Study Shows PARP Inhibitor Veliparib Could Help Patients with Squamous Cell Lung Cancer

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There remains an unmet need for treatment options for patients with squamous cell non-small cell lung cancer (NSCLC), heightening the need for novel therapies. At the 2014 European Society for Medical Oncology (ESMO) Congress held this month in Madrid, Spain, preliminary data from a randomized, international phase 2 trial demonstrated an improvement in outcomes with the combination of the PARP inhibitor veliparib and chemotherapy.

In the study, progression-free survival was improved by 35 percent and overall survival was extended by 30 percent with the combination of veliparib with chemotherapy in patients with newly diagnosed metastatic or advanced NSCLC. In patients specifically with squamous histology, progression-free survival was 6.1 months with veliparib compared with 4.1 months, and the overall survival was 10.3 months with veliparib compared with 8.4 months. Side effects include a decrease in a type of white blood cells, which could raise the risk of infection.

Based on these results, a phase 3 study has been initiated for patients with squamous cell NSCLC.

Suresh S. Ramalingam, director of medical oncology and the lung cancer program at the Winship Cancer Institute of Emory University, discussed the results of the trial and the potential of veliparib as a treatment for patients with squamous cell NSCLC in an interview with OncLive, a partner company of CURE.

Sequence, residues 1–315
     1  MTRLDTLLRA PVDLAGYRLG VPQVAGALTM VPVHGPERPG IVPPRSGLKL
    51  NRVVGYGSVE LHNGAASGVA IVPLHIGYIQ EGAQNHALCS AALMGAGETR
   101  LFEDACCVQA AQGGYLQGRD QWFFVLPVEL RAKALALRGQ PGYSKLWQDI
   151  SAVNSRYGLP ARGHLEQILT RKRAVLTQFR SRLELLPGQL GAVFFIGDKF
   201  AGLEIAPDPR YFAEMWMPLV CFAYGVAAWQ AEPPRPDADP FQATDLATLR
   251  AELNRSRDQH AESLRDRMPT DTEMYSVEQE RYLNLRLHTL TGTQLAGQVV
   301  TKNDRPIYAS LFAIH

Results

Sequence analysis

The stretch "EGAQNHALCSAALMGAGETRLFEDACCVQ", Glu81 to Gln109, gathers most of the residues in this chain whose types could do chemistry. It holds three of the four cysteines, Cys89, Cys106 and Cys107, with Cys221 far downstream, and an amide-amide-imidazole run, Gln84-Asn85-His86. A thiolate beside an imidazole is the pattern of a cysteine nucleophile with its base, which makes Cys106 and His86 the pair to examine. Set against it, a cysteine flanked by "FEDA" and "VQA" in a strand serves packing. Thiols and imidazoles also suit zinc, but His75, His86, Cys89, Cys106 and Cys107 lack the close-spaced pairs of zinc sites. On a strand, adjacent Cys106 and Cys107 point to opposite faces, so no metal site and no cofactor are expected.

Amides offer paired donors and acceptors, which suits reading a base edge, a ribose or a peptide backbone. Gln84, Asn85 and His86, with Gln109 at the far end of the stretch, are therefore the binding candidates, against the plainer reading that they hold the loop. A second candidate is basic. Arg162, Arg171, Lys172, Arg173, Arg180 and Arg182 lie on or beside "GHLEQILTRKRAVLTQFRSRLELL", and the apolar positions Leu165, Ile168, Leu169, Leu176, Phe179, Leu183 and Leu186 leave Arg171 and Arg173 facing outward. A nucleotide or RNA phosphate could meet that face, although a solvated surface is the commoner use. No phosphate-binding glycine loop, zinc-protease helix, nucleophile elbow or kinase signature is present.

How was it discovered that veliparib had utility in lung cancer?

Ramalingam: PARP is a protein that’s involved in DNA repair, and veliparib is a very potent inhibitor of PARP1 and PARP2. Basically, when you give a PARP inhibitor, the cell is not able to repair DNA damage effectively. What we’ve seen in the past is if the cells have deficiency in homologous recombination repairs, which is what happens in BRCA mutation settings, those cells become far more dependent on the basic repair pathway, which is exactly where the PARP comes into play. Even though the role of PARP is well known beyond that.

So essentially by blocking DNA in cells that are critically dependent on that pathway, you are able to induce lethal damage. In lung cancer, if you look at what the common modalities of treatment are, we use platinum compounds, which are the cornerstones of therapy, and then we use radiation and both of these work by inducing DNA damage. Cells that can repair the DNA damage end up not being sensitive to radiation or chemotherapy with platinum-based regimens.

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